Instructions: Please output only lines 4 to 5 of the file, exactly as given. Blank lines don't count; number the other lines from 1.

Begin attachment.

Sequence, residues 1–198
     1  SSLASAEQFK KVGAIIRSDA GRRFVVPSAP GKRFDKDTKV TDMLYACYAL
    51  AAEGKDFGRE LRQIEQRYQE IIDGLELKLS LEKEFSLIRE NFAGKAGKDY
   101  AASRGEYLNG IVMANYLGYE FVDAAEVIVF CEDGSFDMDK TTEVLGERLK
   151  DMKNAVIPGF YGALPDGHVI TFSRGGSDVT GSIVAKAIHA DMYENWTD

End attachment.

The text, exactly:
   101  AASRGEYLNG IVMANYLGYE FVDAAEVIVF CEDGSFDMDK TTEVLGERLK
   151  DMKNAVIPGF YGALPDGHVI TFSRGGSDVT GSIVAKAIHA DMYENWTD